An average FileMaker database contains a large amount of unused, valuable data. And that data can provide a lot of important insights. How long does it take to ship an order? What is our most popular product? What categories are more profitable than others?
All of these and more are important questions that can be answered in a matter of minutes in Tableau. The best part? Unlike Microsoft Power BI, Tableau has a special FileMaker connector that can be used to easily get that data. With their new flexible pricing and Tableau Desktop 2021’s visualizing power, it’s easier to get the answers you need to help grow and improve your business.
FileMaker Data in Tableau
To visualize your FileMaker data in Tableau, the first step is to get that data from FileMaker. Luckily, it’s easy to set up and use using this Claris guide. The most important thing to remember here is security — always create a new account for API connections and don’t forget to enable the fmrest extended privilege set.
Keep in mind that Tableau is connecting to layouts, not tables, so it’s a good practice to create separate FileMaker layouts for Tableau and expose only those fields that you need for visualization. Note: the fields that are not on the layout won’t appear in Tableau. The upside is that by limiting the fields you expose, you can prevent Tableau from slowing down for larger tables. Another thing to be cautious about is renaming objects. Renaming the field in FileMaker won’t break the visualization; the Tableau chart will keep referencing the old name. However, if the layout used in a Tableau report is renamed in FileMaker, the connection breaks. Alternatively, you can freely rename layouts and fields in Tableau — their names in FileMaker won’t change.
Relationships vs. Joins
Most of the time, all of your data won’t live in one FileMaker table. Instead, you’ll have to make multiple connections to different layouts and then connect them just like you would manage relationships in FileMaker. The relationships in Tableau are pretty new but they work the same way – as a contract between two related tables. In the example below, each block would be a separate FileMaker table and you would need nine connections to different layouts to bring all of this data in.
Before relationships were introduced, Tableau used joins so it’s not uncommon to still see them mentioned in the documentation. You won’t need joins for the purposes of this article, but here is a helpful guide from Tableau if you want to learn more about them.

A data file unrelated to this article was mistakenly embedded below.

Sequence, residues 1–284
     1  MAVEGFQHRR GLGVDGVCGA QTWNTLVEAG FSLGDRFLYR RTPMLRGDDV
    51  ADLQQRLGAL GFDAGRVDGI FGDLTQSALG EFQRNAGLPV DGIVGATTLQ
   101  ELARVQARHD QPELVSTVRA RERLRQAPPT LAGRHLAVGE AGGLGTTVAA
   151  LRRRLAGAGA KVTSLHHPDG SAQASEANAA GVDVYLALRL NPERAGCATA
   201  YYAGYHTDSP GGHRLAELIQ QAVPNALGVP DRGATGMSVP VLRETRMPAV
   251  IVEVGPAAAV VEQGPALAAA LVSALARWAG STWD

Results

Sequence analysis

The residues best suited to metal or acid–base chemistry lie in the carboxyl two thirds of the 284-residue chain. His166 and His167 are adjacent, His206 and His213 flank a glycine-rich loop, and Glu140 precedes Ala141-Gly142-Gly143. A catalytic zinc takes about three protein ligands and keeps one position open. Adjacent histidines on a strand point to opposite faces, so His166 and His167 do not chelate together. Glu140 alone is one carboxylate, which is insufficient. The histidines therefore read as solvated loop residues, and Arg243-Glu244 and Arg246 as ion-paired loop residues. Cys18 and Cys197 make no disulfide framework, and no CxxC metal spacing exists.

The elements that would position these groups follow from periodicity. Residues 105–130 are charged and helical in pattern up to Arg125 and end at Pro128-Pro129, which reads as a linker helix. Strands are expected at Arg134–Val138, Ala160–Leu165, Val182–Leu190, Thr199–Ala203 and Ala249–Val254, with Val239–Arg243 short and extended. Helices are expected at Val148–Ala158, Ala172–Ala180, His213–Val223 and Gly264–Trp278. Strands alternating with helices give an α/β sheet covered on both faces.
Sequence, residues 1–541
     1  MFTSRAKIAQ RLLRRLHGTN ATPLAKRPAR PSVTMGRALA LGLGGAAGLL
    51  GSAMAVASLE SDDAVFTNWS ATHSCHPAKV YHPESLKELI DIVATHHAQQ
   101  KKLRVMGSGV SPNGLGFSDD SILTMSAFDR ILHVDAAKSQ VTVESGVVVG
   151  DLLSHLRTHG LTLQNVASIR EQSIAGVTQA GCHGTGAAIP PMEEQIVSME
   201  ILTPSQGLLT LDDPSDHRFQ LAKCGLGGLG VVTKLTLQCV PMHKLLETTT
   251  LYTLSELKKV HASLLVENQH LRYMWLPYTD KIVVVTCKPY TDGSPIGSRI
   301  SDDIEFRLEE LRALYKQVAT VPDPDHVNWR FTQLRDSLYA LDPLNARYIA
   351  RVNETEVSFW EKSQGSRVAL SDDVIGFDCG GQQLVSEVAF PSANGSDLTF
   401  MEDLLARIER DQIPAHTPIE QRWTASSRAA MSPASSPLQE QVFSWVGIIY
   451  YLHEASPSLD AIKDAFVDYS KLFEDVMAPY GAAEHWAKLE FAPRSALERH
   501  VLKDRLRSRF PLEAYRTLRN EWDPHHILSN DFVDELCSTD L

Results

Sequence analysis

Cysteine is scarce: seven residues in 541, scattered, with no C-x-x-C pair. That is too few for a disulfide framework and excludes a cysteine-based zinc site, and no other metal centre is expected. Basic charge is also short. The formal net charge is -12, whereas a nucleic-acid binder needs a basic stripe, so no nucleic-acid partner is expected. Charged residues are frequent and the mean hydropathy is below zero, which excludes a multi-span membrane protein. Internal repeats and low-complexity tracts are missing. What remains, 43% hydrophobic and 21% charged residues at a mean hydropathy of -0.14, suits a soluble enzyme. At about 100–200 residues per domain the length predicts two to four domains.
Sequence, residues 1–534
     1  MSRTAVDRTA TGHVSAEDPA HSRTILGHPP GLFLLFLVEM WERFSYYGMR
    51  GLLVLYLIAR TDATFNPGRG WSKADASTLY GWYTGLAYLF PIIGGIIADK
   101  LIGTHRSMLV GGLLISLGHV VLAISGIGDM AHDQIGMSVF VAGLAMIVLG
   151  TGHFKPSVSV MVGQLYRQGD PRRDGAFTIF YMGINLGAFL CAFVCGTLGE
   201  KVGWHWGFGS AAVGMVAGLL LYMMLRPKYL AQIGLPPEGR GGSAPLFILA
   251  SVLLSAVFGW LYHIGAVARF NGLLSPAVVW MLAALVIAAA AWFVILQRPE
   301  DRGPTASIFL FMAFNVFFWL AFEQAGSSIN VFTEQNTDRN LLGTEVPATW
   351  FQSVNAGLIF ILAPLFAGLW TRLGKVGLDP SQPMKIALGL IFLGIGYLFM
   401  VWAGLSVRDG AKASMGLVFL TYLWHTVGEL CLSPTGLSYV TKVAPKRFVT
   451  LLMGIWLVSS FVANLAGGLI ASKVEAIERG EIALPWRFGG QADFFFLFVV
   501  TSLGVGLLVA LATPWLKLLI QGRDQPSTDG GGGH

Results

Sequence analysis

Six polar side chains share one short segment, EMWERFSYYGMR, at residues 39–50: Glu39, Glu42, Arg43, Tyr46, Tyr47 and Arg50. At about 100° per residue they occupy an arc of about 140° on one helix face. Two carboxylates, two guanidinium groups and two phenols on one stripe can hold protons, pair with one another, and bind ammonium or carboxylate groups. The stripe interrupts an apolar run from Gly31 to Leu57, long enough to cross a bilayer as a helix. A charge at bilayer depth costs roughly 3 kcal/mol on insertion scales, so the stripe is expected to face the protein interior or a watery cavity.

Tell the Story with FileMaker and Tableau
Once you have your data in Tableau, it’s time to tell the story. Pictures and visualizations have a more powerful impact on their audience than written words. While it’s tempting to just throw some data on the screen and use table views for everything, try to use charts when possible. Most of the time, even a simple bar chart can highlight the trends better than a detailed table view. For inspiration, we would recommend checking out the Tableau Public website or start with the Show Me menu that can be found in the upper right corner of the Tableau Desktop.
Actions, filters, and fmpurls
DataThe true power of Tableau rests on its ability to use filters, highlights, and actions to slice and dice the data. This allows you to build complex dashboards with multiple views and see a detailed data drill down. Even better, one of the actions, Go to URL, can be used to open a FileMaker application, set variables, and even run scripts. If you’re not familiar with fmpurls, check out this guide from Claris.
At first, it might seem difficult to navigate Tableau products’ world and see how it can be seamlessly integrated with FileMaker. But after a short while, and once you create your first beautiful visualization, it will become more obvious that FileMaker and Tableau are a perfect duo – made for each other!
We hope you enjoyed learning more about how to visualize your FileMaker data in Tableau. Want to dive into the world of data analysis? Catch up on our post – Data for Decision Making.